Last lesson we introduced correlation and the correlation coefficients of Pearson and Spearman. In this lesson we come up with linear regression equations.
Since the discussion is on linear correlations and the predicted values need to be as close as possible to the data, the equation is called the best-fitting line or regression line. The regression line was named after the work Galton did in gene characteristics that reverted (regressed) back to a mean value. That is, tall parents had children closer to the average.
Slope is an important concept so we will review some important facts here.
slope = m = rise/run = dy/dx = y/ x = |
Parallel lines have equal slopes. |
In summary, if y = mx + b, then m is the slope and b is the y-intercept (i.e., the value of y when x = 0). Often linear equations are written in standard form with integer coefficients (Ax + By = C). Such relationships must be converted into slope-intercept form (y = mx + b) for easy use on the graphing calculator. One other form of an equation for a line is called the point-slope form and is as follows: y - y_{1} = m(x - x_{1}). The slope, m, is as defined above, x and y are our variables, and (x_{1}, y_{1}) is a point on the line.
An equation of a line can be expressed as y = mx + b or y = ax + b or even y = a + bx. As we see, the regression line has a similar equation. There are a wide variety of reasons to pick one equation form over another and certain disciplines tend to pick one to the exclusion of the other. BE FLEXIBLE both on the order of the terms within the equation and on the symbols used for the coefficients! With the interdisciplinary nature of a lot of research these days, conflict between differing notations should be minimized.
y = ß_{0} + ß_{1}x where y, ß_{0}, and ß_{1} represents population statistics. If a cap appears above the variable, then they probably represent sample statistics. Remember x is our independent variable for both the line and the data. |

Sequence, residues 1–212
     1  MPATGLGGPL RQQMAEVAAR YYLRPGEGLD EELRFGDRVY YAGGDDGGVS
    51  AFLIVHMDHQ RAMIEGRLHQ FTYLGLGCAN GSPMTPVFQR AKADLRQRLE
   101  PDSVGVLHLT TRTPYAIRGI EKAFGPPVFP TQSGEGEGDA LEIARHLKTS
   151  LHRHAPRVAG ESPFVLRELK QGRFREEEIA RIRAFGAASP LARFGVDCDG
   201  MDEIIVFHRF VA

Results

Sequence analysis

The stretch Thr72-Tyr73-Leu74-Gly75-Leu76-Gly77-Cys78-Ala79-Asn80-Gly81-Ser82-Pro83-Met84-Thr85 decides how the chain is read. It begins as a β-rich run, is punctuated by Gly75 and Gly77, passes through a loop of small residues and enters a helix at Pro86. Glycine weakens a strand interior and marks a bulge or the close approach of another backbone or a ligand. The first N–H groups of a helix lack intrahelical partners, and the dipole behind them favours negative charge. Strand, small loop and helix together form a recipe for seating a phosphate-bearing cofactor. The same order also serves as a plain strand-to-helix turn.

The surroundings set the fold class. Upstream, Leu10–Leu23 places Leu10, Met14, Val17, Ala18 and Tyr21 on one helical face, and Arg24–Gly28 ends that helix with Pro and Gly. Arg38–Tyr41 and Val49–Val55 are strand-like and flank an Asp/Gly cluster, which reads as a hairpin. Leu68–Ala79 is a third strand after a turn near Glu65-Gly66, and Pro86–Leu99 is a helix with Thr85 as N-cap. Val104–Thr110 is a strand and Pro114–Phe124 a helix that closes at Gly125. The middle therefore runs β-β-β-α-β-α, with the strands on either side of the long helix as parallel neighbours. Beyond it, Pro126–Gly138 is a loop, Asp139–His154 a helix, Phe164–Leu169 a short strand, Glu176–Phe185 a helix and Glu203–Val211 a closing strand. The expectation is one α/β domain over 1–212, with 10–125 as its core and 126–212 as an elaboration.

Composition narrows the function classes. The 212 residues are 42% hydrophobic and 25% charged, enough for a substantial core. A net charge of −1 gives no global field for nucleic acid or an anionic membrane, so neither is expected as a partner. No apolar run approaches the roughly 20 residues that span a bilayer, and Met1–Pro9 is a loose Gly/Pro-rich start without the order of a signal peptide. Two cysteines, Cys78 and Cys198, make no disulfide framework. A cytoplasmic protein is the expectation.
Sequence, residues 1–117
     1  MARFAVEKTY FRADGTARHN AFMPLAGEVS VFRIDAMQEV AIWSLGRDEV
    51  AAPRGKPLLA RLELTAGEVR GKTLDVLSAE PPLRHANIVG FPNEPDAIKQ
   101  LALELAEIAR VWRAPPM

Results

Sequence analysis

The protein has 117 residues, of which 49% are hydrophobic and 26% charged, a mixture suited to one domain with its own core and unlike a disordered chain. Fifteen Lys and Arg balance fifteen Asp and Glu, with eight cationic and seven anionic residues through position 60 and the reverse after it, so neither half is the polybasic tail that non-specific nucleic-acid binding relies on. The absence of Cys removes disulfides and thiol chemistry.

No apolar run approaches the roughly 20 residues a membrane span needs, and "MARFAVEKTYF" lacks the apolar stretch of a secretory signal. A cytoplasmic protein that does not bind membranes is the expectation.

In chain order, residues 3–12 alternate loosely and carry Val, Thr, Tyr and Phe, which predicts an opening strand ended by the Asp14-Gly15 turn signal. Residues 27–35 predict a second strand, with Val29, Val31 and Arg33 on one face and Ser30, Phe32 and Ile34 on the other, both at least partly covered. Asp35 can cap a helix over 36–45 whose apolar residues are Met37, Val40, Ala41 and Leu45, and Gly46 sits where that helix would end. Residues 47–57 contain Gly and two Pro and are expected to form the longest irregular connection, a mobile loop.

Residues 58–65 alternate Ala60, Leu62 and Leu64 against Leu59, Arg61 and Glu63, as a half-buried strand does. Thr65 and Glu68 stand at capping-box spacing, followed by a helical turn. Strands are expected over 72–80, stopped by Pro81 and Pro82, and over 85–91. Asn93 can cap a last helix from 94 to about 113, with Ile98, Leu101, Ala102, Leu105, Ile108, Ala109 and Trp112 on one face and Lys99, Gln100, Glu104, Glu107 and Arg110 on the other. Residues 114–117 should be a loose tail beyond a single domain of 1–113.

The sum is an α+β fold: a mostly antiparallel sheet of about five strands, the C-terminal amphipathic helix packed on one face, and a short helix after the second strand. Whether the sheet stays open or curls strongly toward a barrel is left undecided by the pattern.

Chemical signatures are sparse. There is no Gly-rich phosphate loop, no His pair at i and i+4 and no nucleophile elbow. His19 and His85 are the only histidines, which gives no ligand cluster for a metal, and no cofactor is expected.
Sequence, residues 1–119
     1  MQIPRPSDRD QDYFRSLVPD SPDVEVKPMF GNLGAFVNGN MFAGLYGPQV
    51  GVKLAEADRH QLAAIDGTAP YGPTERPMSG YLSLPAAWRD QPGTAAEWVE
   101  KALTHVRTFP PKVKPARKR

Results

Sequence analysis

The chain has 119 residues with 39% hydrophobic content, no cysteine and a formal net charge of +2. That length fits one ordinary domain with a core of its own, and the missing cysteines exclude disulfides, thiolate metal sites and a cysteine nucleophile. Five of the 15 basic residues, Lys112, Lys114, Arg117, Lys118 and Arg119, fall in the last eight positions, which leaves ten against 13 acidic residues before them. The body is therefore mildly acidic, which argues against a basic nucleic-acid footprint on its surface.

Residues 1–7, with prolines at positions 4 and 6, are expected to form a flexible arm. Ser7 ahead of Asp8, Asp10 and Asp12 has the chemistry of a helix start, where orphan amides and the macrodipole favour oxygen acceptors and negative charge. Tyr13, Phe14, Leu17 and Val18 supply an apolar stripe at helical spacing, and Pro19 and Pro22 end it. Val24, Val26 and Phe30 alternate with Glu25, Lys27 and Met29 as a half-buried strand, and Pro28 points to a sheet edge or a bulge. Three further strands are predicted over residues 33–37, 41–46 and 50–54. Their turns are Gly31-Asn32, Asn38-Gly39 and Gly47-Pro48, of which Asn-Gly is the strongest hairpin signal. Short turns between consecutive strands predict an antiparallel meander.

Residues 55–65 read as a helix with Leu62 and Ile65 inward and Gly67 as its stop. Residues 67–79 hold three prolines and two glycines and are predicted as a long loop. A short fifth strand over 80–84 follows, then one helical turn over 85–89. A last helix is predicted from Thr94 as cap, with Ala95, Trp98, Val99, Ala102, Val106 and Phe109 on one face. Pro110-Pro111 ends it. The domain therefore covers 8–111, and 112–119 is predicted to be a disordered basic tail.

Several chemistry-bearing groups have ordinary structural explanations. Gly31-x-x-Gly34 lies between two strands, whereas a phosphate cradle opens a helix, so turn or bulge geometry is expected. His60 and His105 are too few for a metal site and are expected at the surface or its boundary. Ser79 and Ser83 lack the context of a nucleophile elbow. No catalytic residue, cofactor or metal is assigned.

The y-intercept of the regression line is ß_{0} and the slope is ß_{1}. The following formulas give the y-intercept and the slope of the equation.
ß_{0} =
(y)(x^{2}) -
(x)(xy) n(x^{2}) - (x)^{2} |
ß_{1} =
n(xy) -
(x)(y) n(x^{2}) - (x)^{2} |
Notice that the denominators are the same, so that saves calculations. Also, the calculator will have values for certain portions. Another way to write the equation is in point-slope form where the centroid is the point that is always on the line. The centroid is the following ordered pair: (mean of x, mean of y).
To keep the y-intercept and slope accurate,
all intermediate steps should be kept to twice as many significant digits (six to ten?) as you want in your final answer (three to five?)! |
There are certain guidelines for regression lines:
The y variable is often termed the criterion variable and the x variable the predictor variable. The slope is often called the regression coefficient and the intercept the regression constant. The slope can also be expressed compactly as ß_{1}= r × s_{y}/s_{x}.
Normally we then predict values for y based on values of x. This still does not mean that y is caused by x. It is still imperative for the researcher to understand the variables under study and the context they operate under before making such an interpretation. Of course, simple algebra also allows one to calculate x values for a given value of y.
Example: Write the regression line for the following points:
x | y |
---|---|
1 | 4 |
3 | 2 |
4 | 1 |
5 | 0 |
8 | 0 |
Solution 1:
x = 21;
y = 7;
x^{2} = 115;
y^{2} = 21;
xy = 14
Thus ß_{0} = [7·115 - 21·14] ÷ [5 · 115 - 21^{2}] = 511 ÷ 134 = 3.81
and ß_{1} = [5·14 - 21·7] ÷ [5 · 115 - 21^{2}] = -77 ÷ 134 = -0.575.
Thus the regression line for this example is y = -0.575x + 3.81.
Solution 2: